Some old school data modeling thoughts

I like a challenge. I particularly like a challenge when it comes to data modeling. Recently, I was assigned to lead the database design effort on a project team that other data team members warned me as being not-so-data-friendly. The database design effort turned out to be quite successful.

There is an important skill that is necessary for a data architect to be productive and successful. The skill is understanding the team that you are working with and aligning database design methods, processes and deliverables with the team’s methods, processes and deliverables.

Early in my assignment I recognized that the team was a cohesive unit that has worked together for many years. They had proven development methods with well-defined roles. Unfortunately their database design experience was “Throw it over the wall and wait for the data model to come back.” The database designer was not part of the cohesive team.

The assignment became an exercise in building a team tightly integrated the data architect. I chose to use some old school data modeling techniques. The challenge was not technology. It was a challenge in building relationships. The solution to that challenge has largely remained the same over the years. There were five pieces of the puzzle I used to integrate the data architect and data model with the team.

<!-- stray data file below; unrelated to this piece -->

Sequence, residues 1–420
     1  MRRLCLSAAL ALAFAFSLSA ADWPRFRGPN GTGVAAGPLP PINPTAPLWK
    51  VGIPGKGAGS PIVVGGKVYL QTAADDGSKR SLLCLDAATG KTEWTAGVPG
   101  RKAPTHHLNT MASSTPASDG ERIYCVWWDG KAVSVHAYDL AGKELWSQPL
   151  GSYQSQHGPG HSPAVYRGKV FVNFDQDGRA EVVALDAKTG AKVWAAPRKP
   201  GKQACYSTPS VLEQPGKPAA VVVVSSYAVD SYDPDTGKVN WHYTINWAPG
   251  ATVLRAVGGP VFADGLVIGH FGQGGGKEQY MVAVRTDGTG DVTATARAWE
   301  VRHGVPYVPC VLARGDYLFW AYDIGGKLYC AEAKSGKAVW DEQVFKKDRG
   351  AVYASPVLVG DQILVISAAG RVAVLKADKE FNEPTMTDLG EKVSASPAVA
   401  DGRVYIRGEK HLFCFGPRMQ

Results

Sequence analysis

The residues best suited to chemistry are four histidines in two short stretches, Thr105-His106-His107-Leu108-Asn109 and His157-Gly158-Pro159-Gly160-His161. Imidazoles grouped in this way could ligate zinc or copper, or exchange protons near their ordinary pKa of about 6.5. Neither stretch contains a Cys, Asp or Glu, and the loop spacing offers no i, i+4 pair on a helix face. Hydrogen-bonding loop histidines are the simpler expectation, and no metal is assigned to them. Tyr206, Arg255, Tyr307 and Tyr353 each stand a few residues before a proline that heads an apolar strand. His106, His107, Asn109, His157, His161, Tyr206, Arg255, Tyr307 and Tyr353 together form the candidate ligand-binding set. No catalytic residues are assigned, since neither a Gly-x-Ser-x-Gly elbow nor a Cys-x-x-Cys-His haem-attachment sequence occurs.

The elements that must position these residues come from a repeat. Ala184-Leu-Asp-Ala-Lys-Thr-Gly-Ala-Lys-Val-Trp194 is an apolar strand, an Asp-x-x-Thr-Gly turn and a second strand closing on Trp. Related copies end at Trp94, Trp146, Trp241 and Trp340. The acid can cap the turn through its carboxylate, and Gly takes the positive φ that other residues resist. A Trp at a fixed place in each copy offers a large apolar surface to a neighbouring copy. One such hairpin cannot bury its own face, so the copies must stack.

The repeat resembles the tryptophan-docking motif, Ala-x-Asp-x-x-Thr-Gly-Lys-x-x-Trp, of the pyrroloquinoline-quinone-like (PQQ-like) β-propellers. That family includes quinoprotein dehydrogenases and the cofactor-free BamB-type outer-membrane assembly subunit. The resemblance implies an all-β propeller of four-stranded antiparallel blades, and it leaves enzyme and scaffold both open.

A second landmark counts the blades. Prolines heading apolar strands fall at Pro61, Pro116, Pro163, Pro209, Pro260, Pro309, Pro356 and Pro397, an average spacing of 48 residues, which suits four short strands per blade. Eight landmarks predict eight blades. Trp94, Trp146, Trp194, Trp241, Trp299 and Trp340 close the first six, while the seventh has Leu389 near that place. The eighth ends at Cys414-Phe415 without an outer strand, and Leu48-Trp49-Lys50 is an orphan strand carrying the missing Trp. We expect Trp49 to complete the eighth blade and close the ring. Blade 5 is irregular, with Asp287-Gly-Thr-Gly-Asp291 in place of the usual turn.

1. Collaborate
    The data architect became involved early in project. Frequent collaborative data design sessions resulted in a database design that met the business requirements and technical development needs. A stake in game came along with collaboration. All team members owned that data model and could speak to how it worked.
  2. Educate
    A common cause in the misalignment of development and data team members is not knowing what the other team members need. Each team member owns the job of making their teammates aware of their needs and why they need what they need. It isn’t formal education. It is on-the-job data modeling and mentoring that brings that data knowledge to the team. If you are data architect, you need to be an educator.
  3. Communicate
    Poor and no communication is the culprit of misalignment in just about any role or team. Data architects need to make an extra effort to communicate often and regularly. That means publishing data models, data dictionaries, and design review meeting agendas and minutes.
  4. Use pencil, paper, markers
    There is a lot to be said about picking up a dry erase marker and modeling on a whiteboard. Numerous studies show that keeping the laptop shut and using pen, paper and markers instead yields better results. I experience much more interaction and personally give what I am drawing on a whiteboard more thought than when I click on an icon in ERwin. The same applies to sketching the flow of data or documenting metadata.
  5. Walk the data
    Data architects like to create beautiful well documented data models. The data architect role in data modeling is more than that of a designer. The data architect needs to be a tour guide. When given the chance to explain an ERD, give the team members a stop by stop tour through the data model. That means walking a piece of data from inception to final consumption. Assume you are the end user and explain how the business requirements are met by the entities and relationships.

Tom Bilcze

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